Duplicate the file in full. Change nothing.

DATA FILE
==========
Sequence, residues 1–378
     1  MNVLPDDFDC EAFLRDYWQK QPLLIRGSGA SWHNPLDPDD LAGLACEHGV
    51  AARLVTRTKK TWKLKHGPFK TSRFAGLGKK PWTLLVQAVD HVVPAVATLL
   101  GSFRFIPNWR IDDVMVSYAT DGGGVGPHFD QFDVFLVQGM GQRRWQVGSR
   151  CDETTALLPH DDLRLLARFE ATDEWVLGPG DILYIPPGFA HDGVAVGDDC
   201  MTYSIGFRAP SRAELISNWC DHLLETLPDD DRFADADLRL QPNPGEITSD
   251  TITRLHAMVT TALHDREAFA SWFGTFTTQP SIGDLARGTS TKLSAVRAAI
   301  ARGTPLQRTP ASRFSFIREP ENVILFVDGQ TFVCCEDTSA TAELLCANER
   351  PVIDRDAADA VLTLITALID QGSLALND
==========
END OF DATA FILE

Sequence, residues 1–378
     1  MNVLPDDFDC EAFLRDYWQK QPLLIRGSGA SWHNPLDPDD LAGLACEHGV
    51  AARLVTRTKK TWKLKHGPFK TSRFAGLGKK PWTLLVQAVD HVVPAVATLL
   101  GSFRFIPNWR IDDVMVSYAT DGGGVGPHFD QFDVFLVQGM GQRRWQVGSR
   151  CDETTALLPH DDLRLLARFE ATDEWVLGPG DILYIPPGFA HDGVAVGDDC
   201  MTYSIGFRAP SRAELISNWC DHLLETLPDD DRFADADLRL QPNPGEITSD
   251  TITRLHAMVT TALHDREAFA SWFGTFTTQP SIGDLARGTS TKLSAVRAAI
   301  ARGTPLQRTP ASRFSFIREP ENVILFVDGQ TFVCCEDTSA TAELLCANER
   351  PVIDRDAADA VLTLITALID QGSLALND